from digits as d1,


           digits as d2,


           digits as d3,


           digits as d4,


           digits as d5,


           digits as d6


)


insert SetBuilder1K (Id)


select TOP 1000 i


from sequence


order by i


 


drop table SomeTable;


go


checkpoint;


dbcc freeproccache;


dbcc dropcleanbuffers;


go


declare @start datetime,


          @datediff int;


set @start = getdate();


select newid() as uuid


into SomeTable


from SetBuilder1K a, SetBuilder1K b


select @datediff = datediff(ms, @start, getdate());


select @datediff  AS WardsTwoWayJoinNoTOP,


         count(*)


from SomeTable


option (maxdop 1);


Let’s Keep This Party Going!


It looks as though the precisely contrived Cartesian product is the most performant of these alternatives.  This is further demonstration, I think, that it’s best to let SQL Server be SQL Server; working with tables appears to be more performant than working with CTEs.


This is definitely a work in progress, and I hope those of you who are so inclined will join the party and throw some code on the bonfire.  I’d be especially interested in knowing if anybody can get consistent results with parallelism enabled.


If you’ve made it this far, thanks..


     -wp


PS.  If you have made it this far, your reward is the name of Hugo’s blog, which I think is so brilliant, I’m going to pass it through the SQL query parser:


SELECT  Hints,


        Tips,


        Tricks


FROM    Hugo Kornelis
WHERE   RDBMS = ‘SQL Server’


Outstanding, Hugo..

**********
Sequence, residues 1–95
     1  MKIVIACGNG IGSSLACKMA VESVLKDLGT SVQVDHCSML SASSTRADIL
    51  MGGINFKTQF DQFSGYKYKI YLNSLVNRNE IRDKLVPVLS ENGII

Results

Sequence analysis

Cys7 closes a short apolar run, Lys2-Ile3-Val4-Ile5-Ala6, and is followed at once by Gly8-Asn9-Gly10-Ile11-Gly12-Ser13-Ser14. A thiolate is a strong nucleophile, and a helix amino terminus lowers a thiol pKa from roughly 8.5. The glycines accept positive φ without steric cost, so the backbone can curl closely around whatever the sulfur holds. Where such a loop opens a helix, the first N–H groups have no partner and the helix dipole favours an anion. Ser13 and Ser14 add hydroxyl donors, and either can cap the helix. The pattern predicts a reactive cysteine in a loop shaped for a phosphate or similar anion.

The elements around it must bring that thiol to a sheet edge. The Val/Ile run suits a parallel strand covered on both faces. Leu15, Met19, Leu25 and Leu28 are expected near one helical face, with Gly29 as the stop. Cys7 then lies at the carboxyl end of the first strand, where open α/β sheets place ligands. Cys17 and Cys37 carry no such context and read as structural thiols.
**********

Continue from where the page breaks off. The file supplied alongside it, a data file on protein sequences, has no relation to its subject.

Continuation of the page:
Comments (6)

  1. Anonymous says:

    No sane person would even consider using SQL Server to construct a list of prime numbers. So just to…

  2. Denis the SQL Menace says:

    How about the next challenge is to return all 78498 prime numbers between 1 and 1000000?

  3. Hugo Kornelis says:

    Hi Ward,

    What surprises me, is that the join of two 1,000-row tables outperforms the version with the single 1,000,000-row setbuilder table. I would have expected the latter to be the fastest. Have you already tried a three-way join of three 100-row tables?

    (I would have tried it myself, but I can’t; I’m busy writing a blog entry with my response to Denis’ prime number challenge. I’ll put it up shortly.)

    Best, Hugo

  4. Marc Brooks says:

    I discovered this when playing with the CTE version of date-range generation.  What I ended up with is something that seems much faster and generates a very simple query plan by doing explicit date math. Check out this: http://musingmarc.blogspot.com/2006/07/need-date-range-in-sql-without-filling.html